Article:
The howling grew closer, and a ringing started up in her ears, and she felt something pop, and suddenly, there was silence.
     She pulled her hands away. There was blood trickling from her ears.
     Then she realized something dark was standing over her. She looked up.

    “Question mark” was the last sane thought that went through her mind.

A/N: Look, Derleth wrote a story that isn't an entire regurgitation of Lovecraft's stuff.

Monday, October 28, 2013

Book Reviews: Two for the Price of One!

Mr. Penumbra's 24-Hour Bookstore by Robin Sloane

When Clay Jannon gets hit by the unemployment slump and loses his place as advertiser for a bakery, he searches for a job, any job. He finds this job at the titular bookstore, a dusty place filled with odd books “checked out” by even odder patrons. Spurred on by his friends, he starts investigating the reason behind these books, and discovers a wild conspiracy behind it.

This book is fun, quirky, and strangely thought-provoking. Much of the book’s theme relates to the current tension between traditional methods of research and reading and the new technology that is changing the face of the world, all wrapped up in a historical mystery. The antagonist represents strict traditional methods; the protagonist new technology; and Mr. Penumbra as a kind of bridge between them both, bringing the old and new together. A secondary theme relates to immortality, and what it actually is.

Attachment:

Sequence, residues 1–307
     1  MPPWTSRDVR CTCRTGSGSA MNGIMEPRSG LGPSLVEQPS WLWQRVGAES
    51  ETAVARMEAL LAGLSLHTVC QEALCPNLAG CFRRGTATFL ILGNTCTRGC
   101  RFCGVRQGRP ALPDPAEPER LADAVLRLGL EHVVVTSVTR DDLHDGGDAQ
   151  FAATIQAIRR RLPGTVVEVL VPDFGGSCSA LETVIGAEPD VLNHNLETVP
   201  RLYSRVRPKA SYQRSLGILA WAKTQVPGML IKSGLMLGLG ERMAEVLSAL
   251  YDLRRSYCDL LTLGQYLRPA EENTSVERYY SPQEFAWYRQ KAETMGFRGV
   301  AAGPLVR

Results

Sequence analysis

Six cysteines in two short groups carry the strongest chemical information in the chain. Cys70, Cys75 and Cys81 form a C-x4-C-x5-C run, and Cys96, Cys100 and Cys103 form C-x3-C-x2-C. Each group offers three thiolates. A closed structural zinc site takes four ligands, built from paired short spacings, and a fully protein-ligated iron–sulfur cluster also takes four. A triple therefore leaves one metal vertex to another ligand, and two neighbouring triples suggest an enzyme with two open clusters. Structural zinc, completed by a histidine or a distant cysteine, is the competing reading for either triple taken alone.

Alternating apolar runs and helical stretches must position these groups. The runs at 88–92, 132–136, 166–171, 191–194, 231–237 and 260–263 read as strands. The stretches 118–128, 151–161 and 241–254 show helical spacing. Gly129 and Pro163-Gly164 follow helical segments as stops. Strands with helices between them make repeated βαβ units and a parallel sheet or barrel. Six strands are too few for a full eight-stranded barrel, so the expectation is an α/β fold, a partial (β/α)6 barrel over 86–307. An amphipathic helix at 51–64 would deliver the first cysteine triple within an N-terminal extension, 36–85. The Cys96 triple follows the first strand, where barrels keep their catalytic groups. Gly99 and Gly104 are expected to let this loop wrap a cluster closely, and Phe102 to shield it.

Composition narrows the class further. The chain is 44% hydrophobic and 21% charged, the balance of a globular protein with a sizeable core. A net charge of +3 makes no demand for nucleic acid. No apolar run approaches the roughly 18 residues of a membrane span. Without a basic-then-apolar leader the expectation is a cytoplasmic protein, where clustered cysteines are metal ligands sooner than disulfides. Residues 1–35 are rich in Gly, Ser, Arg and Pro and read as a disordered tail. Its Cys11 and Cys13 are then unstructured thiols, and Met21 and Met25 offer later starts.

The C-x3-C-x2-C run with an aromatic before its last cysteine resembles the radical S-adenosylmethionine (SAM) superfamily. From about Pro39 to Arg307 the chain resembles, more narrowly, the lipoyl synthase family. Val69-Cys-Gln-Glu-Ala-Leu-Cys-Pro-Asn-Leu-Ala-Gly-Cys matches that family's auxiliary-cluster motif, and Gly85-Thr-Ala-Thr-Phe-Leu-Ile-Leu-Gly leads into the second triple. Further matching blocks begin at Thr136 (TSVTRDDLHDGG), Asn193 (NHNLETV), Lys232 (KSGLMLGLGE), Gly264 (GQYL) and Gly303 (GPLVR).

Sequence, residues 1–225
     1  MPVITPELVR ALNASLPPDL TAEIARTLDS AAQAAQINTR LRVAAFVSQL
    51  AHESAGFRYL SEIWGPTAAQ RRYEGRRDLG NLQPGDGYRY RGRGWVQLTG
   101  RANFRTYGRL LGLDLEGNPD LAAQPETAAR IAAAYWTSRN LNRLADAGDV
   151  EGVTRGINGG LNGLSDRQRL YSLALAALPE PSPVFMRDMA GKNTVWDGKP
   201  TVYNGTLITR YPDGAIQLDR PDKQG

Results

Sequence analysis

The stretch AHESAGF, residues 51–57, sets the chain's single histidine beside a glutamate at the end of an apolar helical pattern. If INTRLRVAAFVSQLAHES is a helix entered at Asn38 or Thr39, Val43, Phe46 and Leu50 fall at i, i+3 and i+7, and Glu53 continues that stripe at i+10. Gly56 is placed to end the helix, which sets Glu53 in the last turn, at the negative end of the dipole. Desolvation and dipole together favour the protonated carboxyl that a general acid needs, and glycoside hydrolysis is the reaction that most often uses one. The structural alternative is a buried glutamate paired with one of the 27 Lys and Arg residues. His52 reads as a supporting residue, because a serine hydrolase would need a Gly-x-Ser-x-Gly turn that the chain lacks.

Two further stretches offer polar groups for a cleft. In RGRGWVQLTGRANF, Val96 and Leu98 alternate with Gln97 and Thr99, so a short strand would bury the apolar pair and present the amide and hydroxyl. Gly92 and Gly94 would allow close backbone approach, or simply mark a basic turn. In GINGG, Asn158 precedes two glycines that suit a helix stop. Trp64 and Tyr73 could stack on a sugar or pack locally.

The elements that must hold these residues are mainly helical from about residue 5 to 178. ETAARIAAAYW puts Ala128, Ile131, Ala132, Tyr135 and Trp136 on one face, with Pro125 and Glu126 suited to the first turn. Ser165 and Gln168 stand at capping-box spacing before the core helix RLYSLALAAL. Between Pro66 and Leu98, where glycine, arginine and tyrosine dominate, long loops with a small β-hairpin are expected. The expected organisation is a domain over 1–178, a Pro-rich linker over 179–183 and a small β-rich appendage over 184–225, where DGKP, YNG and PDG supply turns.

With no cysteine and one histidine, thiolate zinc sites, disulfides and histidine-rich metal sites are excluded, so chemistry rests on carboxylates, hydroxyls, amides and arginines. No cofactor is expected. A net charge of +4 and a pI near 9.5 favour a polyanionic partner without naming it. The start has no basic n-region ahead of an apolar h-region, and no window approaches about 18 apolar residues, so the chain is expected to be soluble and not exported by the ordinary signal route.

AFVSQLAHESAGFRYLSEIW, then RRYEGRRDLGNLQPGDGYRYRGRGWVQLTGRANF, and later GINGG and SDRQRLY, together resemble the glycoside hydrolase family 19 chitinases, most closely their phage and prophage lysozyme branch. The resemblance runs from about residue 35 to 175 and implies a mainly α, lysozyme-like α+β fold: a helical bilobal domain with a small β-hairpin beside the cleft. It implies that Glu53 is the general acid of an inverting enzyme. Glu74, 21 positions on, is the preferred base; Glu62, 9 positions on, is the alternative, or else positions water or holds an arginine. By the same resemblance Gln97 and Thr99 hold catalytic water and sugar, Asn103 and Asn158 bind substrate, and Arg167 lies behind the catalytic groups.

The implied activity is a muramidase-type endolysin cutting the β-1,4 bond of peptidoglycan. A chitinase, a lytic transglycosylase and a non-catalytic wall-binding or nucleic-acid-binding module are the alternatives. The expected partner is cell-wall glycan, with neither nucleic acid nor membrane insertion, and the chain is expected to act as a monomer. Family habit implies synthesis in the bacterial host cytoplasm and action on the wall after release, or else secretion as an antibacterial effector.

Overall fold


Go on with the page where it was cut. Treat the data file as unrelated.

For a book about secret societies, conspiracies, and general geekery, there is a lot of truly thoughtful sections. Yet it never loses its entertaining aspect, even during all this. It’s a pretty fun, if strange, book.

The Tutor's Daughter by Julie Klassen

Emma Smallwood’s father is a poor tutor whose in-home school is failing. He had previously tutored the two elder sons of a wealthy baronet, and Emma writes to see if the man will send his two younger sons. To her surprise, however, he instead invites them to stay with him for a year while teaching the younger boys. It is with joy and trepidation that she accepts the invitation-joy, because she is still in love with the second son Henry, and trepidation, because the heir Phillip was quite a bully when they taught him. But things have changed, and when Emma arrives at the house, she is surrounded by secrets and must figure out who to trust.